How David turns casual browsers into avid subscribers
Many creators start by creating long-form content with actionable advice via lead magnets (think eBooks and whitepapers), to increase their number of subscribers. Subscribers opt-in to get access to the material in exchange for their email address.
Perell started his list growth with lead magnets, but he soon realized that this type of content was not working as well as he expected it would. The main reason: lead magnets were not as helpful to the audience as the email courses he was offering.
As a result, he adjusted his approach and started using different tactics to grow his audience.
Turn Twitter followers to newsletter subscribers
Whether it’s to share ideas, promote the things you create, or collect feedback, Twitter is a great way to communicate with people and turn your followers into newsletter subscribers.
“If Facebook connects you with people from your past, Twitter connects you with people in your future.”
One area of untapped potential: Twitter threads. Essentially, these are connected tweets from one person—a chain of ideas that build upon each other. David uses Twitter threads (like this one on finding interesting topics to write about) to attract the attention of his followers and to entice them to sign up for his newsletter.
“One of the things I found works really well is creating Twitter threads. They’re fun, they take me about 45-minutes, they crush, and if I have a good one, it will get more than a million impressions. I know that if I link to one of my courses in them, with a 1-2% conversion rate, that can lead to thousands of new subscribers.”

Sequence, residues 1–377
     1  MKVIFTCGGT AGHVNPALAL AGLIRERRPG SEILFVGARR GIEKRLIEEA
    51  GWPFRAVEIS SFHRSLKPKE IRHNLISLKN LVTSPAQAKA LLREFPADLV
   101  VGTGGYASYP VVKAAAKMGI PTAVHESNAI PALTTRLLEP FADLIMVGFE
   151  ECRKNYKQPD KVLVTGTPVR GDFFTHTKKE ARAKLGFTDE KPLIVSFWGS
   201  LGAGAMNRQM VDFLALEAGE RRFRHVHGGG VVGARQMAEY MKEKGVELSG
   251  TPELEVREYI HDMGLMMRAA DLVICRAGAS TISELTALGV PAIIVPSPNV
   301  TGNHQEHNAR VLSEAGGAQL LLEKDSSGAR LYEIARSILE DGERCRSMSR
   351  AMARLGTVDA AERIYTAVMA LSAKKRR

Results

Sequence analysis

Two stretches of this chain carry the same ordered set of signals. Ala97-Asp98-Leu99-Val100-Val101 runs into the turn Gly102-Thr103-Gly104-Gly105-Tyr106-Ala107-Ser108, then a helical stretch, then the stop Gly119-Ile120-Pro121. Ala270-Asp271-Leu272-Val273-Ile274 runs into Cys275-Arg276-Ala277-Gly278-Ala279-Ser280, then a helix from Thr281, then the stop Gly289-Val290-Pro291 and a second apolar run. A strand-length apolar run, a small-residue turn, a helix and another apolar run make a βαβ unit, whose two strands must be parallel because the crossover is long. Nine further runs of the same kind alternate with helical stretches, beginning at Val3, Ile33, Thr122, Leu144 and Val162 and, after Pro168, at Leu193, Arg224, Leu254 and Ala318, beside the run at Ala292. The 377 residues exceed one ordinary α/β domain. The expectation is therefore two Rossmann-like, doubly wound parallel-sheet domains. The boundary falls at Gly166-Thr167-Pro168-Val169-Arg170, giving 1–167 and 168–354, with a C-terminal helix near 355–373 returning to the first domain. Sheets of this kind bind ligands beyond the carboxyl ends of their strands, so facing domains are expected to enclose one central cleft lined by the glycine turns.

If you haven’t tried creating many Twitter threads before, here are some pointers on how to do them well:
- Get right to the point: The first tweet should say what people are going to get. Make sure it’s something surprising or something intriguing to get their attention.
- Provide a large amount of insight in a short time: Use threads to provide additional context.
- Focus on the essence: Don’t use threads to share more meaningless text. Cut the fluff and focus on essence.
- Break info bite-sized into nuggets: Each tweet should be a separate thought with a clear, valuable point or tip.
Offer free email courses
By doubling down on the email courses—and doing what he enjoys most (writing)—Perell significantly increased his subscriber base.
You’ll often see Perell promote his five-day Twitter course, a seven-day writing one, and a 50-day writing one—all of which he delivers by email using ConvertKit. Each lesson is a separate email that targets a specific topic.